The mainland of Afro-Eurasia (excluding islands or island groups such as the British Isles, Japan, Sri Lanka, Madagascar and the Malay Archipelago) has been referred to as the "World Island". The term may have been coined by Sir Halford John Mackinder in The Geographical Pivot of History . [3]

The equivalent of the Old World had names in some of its ancient cultures, including Midgard in Germanic cosmology and Oikoumene among the Greeks.

See also

Related Research Articles

Bronze Age Prehistoric period and age studied in archaeology; part of the Holocene Epoch.

The Bronze Age is a prehistoric period, approximately 3300 BC to 1200 BC, that was characterized by the use of bronze, in some areas proto-writing, and other early features of urban civilization. The Bronze Age is the second principal period of the three-age Stone-Bronze-Iron system, as proposed in modern times by Christian Jürgensen Thomsen, for classifying and studying ancient societies.

The Iron Age is the final epoch of the three-age division of the prehistory and protohistory of humanity. It was preceded by the Bronze Age and the Stone Age. The concept has been mostly applied to Europe and the Ancient Near East, but also, by analogy, to other parts of the Old World.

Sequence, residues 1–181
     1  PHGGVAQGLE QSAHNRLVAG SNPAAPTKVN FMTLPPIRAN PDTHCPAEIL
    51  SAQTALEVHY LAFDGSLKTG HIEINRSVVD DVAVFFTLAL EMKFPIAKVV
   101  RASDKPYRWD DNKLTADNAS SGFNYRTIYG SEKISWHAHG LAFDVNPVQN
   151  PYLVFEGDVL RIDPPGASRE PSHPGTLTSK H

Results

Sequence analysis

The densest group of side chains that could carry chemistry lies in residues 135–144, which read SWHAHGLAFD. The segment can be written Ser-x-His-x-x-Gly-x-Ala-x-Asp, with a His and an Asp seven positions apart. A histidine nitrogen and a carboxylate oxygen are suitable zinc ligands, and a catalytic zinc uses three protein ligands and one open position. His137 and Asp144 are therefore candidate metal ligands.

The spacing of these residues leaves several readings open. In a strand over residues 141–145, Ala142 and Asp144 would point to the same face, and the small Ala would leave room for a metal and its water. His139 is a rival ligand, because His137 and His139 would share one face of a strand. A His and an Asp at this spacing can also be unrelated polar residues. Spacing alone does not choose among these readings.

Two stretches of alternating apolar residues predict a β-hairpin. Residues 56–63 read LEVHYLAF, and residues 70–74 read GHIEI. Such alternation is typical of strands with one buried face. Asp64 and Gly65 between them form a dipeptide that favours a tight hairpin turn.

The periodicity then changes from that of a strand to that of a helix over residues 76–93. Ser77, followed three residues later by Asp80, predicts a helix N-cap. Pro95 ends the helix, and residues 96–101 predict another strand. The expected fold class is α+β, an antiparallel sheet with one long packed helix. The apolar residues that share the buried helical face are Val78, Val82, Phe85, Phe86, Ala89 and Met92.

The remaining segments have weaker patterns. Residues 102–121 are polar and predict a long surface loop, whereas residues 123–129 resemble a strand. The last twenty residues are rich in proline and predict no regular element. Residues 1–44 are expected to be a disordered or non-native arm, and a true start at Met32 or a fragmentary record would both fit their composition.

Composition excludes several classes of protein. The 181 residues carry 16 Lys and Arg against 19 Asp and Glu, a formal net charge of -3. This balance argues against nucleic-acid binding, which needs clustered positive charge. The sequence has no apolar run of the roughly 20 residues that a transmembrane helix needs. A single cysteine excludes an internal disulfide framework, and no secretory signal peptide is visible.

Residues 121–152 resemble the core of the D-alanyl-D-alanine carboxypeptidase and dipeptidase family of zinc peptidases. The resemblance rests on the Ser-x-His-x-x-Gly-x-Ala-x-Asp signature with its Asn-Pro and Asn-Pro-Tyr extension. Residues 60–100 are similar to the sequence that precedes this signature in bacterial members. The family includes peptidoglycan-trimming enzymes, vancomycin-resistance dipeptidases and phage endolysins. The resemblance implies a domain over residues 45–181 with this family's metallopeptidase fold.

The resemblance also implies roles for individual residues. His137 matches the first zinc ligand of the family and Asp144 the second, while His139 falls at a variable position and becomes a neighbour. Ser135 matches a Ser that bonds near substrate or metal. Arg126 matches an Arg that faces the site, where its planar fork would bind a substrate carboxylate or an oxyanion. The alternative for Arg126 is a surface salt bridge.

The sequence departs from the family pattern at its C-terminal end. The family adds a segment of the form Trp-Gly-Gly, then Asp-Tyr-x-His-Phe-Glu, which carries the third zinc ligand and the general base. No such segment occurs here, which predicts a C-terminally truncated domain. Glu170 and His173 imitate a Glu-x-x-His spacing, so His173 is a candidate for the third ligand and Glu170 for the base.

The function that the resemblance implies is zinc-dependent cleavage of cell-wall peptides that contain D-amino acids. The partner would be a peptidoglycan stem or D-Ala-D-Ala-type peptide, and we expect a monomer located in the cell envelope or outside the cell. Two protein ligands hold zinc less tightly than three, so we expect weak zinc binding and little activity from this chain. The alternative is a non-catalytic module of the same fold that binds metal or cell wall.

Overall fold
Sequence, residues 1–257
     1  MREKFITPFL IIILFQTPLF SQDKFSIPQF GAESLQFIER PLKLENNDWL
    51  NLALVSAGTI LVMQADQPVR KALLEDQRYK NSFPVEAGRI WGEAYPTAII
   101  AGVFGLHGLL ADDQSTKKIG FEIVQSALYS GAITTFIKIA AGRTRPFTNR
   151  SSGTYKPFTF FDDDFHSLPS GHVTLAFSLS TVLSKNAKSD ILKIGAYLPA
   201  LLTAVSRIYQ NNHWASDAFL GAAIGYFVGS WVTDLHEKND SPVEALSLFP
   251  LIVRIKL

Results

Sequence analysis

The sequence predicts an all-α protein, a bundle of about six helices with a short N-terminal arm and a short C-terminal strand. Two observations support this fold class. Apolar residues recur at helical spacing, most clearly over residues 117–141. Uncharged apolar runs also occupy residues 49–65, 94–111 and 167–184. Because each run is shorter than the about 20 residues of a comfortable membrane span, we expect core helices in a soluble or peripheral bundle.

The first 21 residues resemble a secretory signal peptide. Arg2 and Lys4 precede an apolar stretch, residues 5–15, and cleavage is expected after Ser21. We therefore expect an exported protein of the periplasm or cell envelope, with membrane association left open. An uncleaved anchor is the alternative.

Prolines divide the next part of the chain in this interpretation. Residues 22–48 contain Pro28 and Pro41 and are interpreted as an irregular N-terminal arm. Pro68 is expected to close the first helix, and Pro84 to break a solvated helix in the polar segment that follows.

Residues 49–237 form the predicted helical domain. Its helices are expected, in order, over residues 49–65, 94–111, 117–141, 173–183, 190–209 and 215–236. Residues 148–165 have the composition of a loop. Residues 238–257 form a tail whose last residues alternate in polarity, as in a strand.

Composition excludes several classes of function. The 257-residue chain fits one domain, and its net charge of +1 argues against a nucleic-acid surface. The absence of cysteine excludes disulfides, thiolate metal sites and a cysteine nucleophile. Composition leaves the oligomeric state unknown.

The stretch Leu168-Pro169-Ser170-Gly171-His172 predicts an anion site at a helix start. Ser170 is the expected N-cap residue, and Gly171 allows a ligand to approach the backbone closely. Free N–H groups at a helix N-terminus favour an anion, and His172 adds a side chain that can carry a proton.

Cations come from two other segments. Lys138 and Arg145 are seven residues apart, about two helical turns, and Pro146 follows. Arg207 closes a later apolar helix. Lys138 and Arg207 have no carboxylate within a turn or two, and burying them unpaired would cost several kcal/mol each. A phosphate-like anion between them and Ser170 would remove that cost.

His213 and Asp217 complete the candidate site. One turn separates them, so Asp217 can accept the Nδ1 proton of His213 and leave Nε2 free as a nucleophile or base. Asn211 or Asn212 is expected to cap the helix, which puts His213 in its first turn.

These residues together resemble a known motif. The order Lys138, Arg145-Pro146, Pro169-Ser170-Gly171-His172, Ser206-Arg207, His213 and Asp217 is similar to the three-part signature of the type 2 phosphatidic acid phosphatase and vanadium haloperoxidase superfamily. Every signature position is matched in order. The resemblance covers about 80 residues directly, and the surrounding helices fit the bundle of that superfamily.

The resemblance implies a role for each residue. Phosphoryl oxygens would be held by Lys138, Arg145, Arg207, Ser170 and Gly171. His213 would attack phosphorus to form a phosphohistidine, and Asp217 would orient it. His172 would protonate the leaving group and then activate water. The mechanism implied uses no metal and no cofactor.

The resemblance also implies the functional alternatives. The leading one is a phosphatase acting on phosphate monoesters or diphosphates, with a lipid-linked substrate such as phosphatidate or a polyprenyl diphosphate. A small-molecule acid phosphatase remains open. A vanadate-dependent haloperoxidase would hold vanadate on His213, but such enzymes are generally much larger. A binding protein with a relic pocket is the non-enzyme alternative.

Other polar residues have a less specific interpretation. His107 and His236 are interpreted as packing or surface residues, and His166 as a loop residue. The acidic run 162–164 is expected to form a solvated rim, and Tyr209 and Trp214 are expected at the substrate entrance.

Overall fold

Ancient history Human history from the earliest records to the end of the classical period

Ancient history is the aggregate of past events from the beginning of writing and recorded human history and extending as far as post-classical history. The phrase may be used either to refer to the period of time or the academic discipline.

Ethnic groups in Chinese history

Ethnic groups in Chinese history refer to various or presumed ethnicities of significance to the history of China, gathered through the study of Classical Chinese literature, Chinese and non-Chinese literary sources and inscriptions, historical linguistics, and archaeological research.

Western Hemisphere Geographical term for the half of Earth which lies west of the prime meridian and east of the antimeridian